PR 5.0 – It’s PR and marketing, but not as we know it

Jamie Kightley, head of client services at IBA International, explains how new digital tech can cause marketers to lose sight of the driving force behind B2B sales - people.

Someone holding their hand in front of their face.

Already the smart tech processes of the Industry 4.0 revolution are having to bow to the human and social power of Industry 5.0. Hyper-personalisation is humanising smart tech and is one of Industry 5.0’s lead transformations. It will also be the saving grace of the AI charge in PR and marketing.

It’s all about the human touch in PR 5.0 as generative AI’s use in content creation is on the rise but it will always fall short of being a lead gen content creation tool.

Over the course of 2023, almost all industries have been impacted by AI, which has seen the AI market rise to $100 billion. The AI boom in many industries is not expected to slow down any time soon with the market predicted to reach $2 trillion by 2030. Much of the recent hype in the Mainstream Media (MSM) has been about ChatGPT, but it is important not to forget about more specific applications of the technology – from predictive maintenance in aviation, to automatic scheduling optimisation in service provision, and fraud prevention in banking and mobile payments.

Even hardware is struggling to keep up with the AI boom. The global AI chip market is expected to generate nearly $305 billion by the end of the decade, boasting a compound annual growth rate (CAGR) of 29% from 2023 to 2030, the report projected. Microsoft itself has gone on record warning of potential shortages of GPUs, that are critical to underpinning data centres that process AI-driven applications.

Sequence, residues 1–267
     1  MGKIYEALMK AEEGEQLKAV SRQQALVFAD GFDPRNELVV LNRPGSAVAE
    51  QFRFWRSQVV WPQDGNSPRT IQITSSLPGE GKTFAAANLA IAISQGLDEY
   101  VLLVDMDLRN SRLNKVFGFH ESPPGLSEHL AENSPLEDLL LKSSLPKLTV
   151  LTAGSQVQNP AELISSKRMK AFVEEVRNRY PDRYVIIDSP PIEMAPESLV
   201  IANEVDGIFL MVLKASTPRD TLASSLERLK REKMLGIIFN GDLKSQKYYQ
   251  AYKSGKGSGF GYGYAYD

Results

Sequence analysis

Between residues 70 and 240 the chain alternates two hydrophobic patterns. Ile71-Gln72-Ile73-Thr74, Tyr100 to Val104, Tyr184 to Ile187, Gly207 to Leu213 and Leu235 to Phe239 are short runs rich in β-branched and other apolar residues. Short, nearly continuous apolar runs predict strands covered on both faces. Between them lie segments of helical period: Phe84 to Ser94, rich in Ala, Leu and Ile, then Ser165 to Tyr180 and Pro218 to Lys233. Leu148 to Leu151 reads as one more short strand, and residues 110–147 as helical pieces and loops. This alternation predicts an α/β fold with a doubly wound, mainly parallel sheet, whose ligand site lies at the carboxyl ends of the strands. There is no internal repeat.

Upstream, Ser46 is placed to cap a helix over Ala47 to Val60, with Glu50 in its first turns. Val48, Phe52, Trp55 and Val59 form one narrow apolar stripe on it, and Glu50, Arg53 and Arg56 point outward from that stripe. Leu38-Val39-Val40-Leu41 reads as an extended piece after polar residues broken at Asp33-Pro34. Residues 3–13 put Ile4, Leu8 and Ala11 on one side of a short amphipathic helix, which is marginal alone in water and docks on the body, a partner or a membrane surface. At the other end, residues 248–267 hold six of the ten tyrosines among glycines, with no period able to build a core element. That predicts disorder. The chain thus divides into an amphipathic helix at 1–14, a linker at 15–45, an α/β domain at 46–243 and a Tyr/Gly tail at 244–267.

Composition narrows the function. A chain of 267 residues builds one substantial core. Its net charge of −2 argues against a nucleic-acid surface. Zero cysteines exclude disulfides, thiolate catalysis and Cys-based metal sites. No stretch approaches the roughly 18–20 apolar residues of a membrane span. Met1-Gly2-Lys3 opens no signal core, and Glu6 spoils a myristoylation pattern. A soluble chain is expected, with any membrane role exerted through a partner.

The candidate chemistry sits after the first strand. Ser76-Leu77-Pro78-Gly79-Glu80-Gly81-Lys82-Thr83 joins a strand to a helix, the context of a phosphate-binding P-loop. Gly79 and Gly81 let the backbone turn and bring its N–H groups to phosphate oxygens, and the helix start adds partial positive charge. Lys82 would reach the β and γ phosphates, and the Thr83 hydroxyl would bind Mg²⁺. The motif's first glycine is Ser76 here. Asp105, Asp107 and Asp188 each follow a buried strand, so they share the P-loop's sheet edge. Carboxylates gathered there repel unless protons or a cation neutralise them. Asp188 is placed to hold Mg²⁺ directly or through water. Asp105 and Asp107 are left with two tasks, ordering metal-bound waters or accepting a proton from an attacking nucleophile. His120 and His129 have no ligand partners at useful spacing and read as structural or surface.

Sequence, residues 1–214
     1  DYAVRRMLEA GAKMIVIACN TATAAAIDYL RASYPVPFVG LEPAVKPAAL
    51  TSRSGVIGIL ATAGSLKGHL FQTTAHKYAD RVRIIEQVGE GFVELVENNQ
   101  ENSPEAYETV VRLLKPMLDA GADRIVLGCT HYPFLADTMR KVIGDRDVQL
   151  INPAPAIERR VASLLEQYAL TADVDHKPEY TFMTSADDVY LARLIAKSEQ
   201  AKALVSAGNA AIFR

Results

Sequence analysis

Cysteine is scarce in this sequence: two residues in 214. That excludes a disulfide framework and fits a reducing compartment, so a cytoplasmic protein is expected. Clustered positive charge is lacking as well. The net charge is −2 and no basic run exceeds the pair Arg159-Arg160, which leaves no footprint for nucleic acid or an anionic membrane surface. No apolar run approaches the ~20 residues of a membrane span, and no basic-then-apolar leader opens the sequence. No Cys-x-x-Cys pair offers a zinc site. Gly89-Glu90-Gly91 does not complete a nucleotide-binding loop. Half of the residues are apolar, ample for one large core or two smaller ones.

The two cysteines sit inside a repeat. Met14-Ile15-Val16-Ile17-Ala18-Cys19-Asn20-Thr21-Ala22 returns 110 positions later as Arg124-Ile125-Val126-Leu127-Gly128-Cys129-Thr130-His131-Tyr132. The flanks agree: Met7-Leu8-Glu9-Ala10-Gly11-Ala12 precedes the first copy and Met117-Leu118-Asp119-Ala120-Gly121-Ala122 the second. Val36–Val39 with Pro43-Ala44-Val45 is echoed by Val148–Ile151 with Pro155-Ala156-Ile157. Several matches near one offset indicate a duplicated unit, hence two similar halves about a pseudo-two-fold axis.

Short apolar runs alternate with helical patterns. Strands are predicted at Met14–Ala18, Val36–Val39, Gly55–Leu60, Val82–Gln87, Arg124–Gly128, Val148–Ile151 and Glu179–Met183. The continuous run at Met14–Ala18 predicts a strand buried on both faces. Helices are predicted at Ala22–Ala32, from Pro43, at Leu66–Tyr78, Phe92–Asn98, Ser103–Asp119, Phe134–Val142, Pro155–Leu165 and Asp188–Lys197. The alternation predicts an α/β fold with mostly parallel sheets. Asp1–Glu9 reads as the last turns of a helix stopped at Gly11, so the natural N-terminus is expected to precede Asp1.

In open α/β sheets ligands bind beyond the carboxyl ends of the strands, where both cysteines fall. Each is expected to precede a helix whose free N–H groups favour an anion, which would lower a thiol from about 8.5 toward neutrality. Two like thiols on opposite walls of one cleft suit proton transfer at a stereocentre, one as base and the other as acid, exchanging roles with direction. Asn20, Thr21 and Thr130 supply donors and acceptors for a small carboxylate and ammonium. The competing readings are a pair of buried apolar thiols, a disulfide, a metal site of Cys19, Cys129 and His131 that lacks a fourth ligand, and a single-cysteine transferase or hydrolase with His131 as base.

Watch out – PR 5.0 is about

Like any new technology, AI is transforming many industries and has left marketing and PR professionals trying to adopt this generative technology into their work processes and understand its impact. According to a recent Prowly State of PR Technology report for instance, already 67.8% of PR professionals are utilising AI in their work and 52% are happy with their current PR tools including AI. But what do these new technologies mean for the future of marketing and PR professionals?

Witness what has happened in the manufacturing sector, where by the end of 2022, 72% of manufacturers had pressed ahead with implementing industry 4.0 and its driving technologies such as IIoT, AI, digital twins, and more. Now the pendulum has swung back towards the human factor in manufacturing operations with industry 5.0. There is a groundswell around industry 5.0, particularly how to marry technology developments, including AI, to better complement the working environment of human workers and to support Environmental, Social, and Governance (ESG) initiatives.